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Employee retention perspectives: Generational approach to job training

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It is critical for employee have full understanding of the expectations their supervisor has for them if the employee is going to be truly satisfied with their position. The days of being able to take a single method of teaching job functions is long past. To be successful today training must take the generational approach.

The builders and traditionalists normally want to receive detailed step-by-step instructions. They have been influenced by the very detailed instructions typically given in the workplace during the traditional management period which lasted through the 1970s. It was not until the 1980s that employers started giving out more latitude in getting the job done and at that time the generation that fought World War II had become entrenched with detailed plans.

Baby boomers prefer to know the end result before stating on a project. The “how” is not as important as the “why” in what the final product will be. Consider the instructions for do-it-yourself furniture – something created by the boomer generation. The instructions always started with a picture of the final product. Boomers should be given the ultimate vision and then allowed to develop their own processes and procedures to get there.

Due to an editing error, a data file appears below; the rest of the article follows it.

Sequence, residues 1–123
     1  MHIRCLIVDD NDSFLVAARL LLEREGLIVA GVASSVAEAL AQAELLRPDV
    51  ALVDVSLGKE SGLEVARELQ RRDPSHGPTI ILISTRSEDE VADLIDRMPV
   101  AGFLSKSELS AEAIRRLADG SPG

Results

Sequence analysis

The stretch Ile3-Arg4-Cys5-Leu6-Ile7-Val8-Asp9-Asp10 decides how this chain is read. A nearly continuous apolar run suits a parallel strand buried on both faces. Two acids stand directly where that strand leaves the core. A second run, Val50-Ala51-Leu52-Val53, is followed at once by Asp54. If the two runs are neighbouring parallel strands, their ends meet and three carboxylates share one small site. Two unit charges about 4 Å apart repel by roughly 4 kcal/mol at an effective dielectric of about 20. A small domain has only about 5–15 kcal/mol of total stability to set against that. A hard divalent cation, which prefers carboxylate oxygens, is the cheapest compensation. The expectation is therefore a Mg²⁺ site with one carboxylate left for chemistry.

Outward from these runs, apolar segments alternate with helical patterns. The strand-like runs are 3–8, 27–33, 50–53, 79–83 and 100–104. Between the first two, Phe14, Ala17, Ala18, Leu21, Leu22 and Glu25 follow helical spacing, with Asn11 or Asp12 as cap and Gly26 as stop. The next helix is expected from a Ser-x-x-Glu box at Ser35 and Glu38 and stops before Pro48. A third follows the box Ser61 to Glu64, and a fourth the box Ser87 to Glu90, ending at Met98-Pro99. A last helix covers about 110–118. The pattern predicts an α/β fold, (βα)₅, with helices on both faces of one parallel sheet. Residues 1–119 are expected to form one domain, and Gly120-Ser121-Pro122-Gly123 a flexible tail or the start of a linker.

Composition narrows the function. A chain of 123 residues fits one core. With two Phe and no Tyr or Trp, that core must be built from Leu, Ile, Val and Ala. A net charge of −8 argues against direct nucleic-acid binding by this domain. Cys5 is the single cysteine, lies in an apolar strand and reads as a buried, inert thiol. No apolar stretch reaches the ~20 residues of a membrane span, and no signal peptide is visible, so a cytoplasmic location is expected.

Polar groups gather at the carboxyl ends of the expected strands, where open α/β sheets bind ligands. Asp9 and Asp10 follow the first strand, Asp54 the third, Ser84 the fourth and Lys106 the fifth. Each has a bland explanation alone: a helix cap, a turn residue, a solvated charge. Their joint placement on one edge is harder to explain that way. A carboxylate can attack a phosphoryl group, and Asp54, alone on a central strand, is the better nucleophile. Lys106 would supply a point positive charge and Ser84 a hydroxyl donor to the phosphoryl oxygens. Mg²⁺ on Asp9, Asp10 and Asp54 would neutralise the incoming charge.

Generation Y and Generation X want to know how the task fits into the big picture. These are team-oriented generations that want to know the connection to the organization’s mission and vision. Once they see the outcome they will figure out how to get there. Individuality will feed into a team spirit as they develop a workable game plan to get the job done.

©2014 Max Impact, used with permission.

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Learn more about today’s generations:

  • Builders / traditionalists, also known as the greatest generation, born before 1944
  • Baby boomers, sometimes relabeled the sandwich generation, born between 1943 and 1964
  • Generation X, born between 1961 and 1980
  • Generation Y, sometimes referred to as the millennial generation, born between 1977 and 2000
  • Millennials, sometimes referred to as generation Z, born after 1998

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